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Icons and UX Web Design — A Usability Rundown

Icons and UX Web Design

Icon use in UX web design is nothing new. Designers have taken advantage of icons for decades to tailor the user experience to be more intuitive, and the trend continues as popularity for mobile device usage rises. Icons serve an important role in helping experienced mobile designers make the most of on-screen real estate, direct the conversion conversation, and bring important elements into the spotlight. That’s why it’s essential to understand UX icon design best practices while you avoid common design mistakes that can influence icon success.

 

The Role of Icon Use in UX Web Design

Different types of icons serve different UX design purposes, from clarifying on-screen information to entertaining and interacting with the user. Think of your icons as different colors in a web design crayon box. The right colors used in the right places make the big picture (your website or mobile site) look that much better.

 

Icons are a benefit to UX design because:

 

  • Icons are recognizable and universal – They stand out on the page, and common icon images are easily understood regardless of what language the user speaks.

 

  • Icons are space savers – They eliminate the need for big blocks of text that take up valuable mobile real estate.

 

  • Icons are easy to interact with on mobile – Mobile icons are designed with the user’s finger in mind, and most icons are perfectly sized to entice the mobile user to give them a tap.

 

  • Icons are easy on the eyes – Icons are aesthetically pleasing and help designers break up the monotony of a page’s visual design.

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Five Best Practices for UX Design Icon Use

Not all icons are created equal, which is why it’s the job of smart web designers to use appropriate icons where they’ll benefit your brand most. Don’t fill your design space with icons, but don’t make users dig through text when an icon would be better suited for the job. Your website’s UX design should be a mix of great icon placement and complementary content, and it’s all right to be a little icon-heavy when designing for mobile devices.  

 

Follow these five icon design best practices:

 

  1. Take advantage of familiar icon designs. There’s no reason to redesign icons that users instantly recognize. Icons for e-mail, messaging, home, search, and social media are best left in their universally-recognized shapes and styles. A great icon should be able to stand (and be recognized) by itself, even if it’s common practice to use text labels next to corresponding icons.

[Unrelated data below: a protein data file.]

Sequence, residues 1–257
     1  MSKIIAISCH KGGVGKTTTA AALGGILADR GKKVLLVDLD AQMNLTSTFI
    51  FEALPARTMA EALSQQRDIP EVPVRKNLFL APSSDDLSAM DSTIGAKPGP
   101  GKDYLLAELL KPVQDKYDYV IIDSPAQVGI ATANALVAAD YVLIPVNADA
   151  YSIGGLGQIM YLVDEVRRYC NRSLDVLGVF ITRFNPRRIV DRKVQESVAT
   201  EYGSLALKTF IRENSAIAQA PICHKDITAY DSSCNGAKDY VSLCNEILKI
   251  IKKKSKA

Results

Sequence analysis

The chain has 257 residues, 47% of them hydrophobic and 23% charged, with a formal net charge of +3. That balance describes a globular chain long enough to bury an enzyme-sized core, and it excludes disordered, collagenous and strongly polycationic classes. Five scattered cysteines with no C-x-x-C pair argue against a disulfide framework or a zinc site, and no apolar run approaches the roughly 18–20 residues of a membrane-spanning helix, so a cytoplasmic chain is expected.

1. Replace text with icons to save space. This one’s pretty self-explanatory. Text takes up space, and mobile UX and UI design space is valuable. What you do, or don’t do, with that space is crucial to conversion success. Icons are a great way to abbreviate the message of content and UX design intention.

 

  1. Size icons appropriately. Size matters as far as website and mobile design icons are concerned. “The less obtrusive, the better” is usually the mantra, but go too small and your icons become unusable on mobile devices. Size your mobile icons to at least 1 cm x 1 cm to provide adequate space for mobile interaction.

 

  1. Establish icon consistency to avoid confusion. Icon design cohesion and consistency are one way a business can continue to create a brand aesthetic. You can also avoid user confusion when all the icons on your site adhere to similar design elements like size, color choice, and artistic style.

 

  1. Don’t forget your white space. How you use the space around an icon is almost as important as the icon itself. Will you use text labels? Will you group certain icons together? If so, where will they sit on the page in relation to the text and media content? It may be subtle and simple, but your white space can say a lot about your company, and it’s best to steer the conversation in the right direction with attractive design.

 

Avoid These Three Common UX Design Mistakes

Common UX design mistakes are universal in the sense that the average user is smart enough to spot them regardless of the avenue they’re served through (desktop, mobile, etc.). Your icons won’t be perfect when you avoid these common UX design mistakes, but they will be better.

 

Try to avoid:

 

  • Excessive stylization – Keep it simple. Mobile icons don’t need to reinvent the wheel, and the less stylization the better in most cases.

 

  • Incorrect information – Icon text labels that don’t correspond to the appropriate click-through content are an unforgivable UX design faux pas.

 

  • Design clutter – On-page elements need to complement each other in a way that’s unobtrusive and aesthetically pleasing. Mobile icons should fit on-screen without getting in the way of navigation or content delivery.

 

Icon Design Should Be Simple and Smart

Icons have to be functional, understandable, and intuitive to serve their purpose both on your website and on a user’s mobile device or desktop. It’s okay to get a little creative and infuse some of your brand personality into your icon design, but do so with a light touch and only if UX is enriched. Do your icons improve or detract from a well-crafted user experience? Are they easy to use on mobile devices? Is it time to give them a redesign because they’re too confusing? Simple is smart, and most successful icons are designed to be simple, subtle, and stress-free.

 

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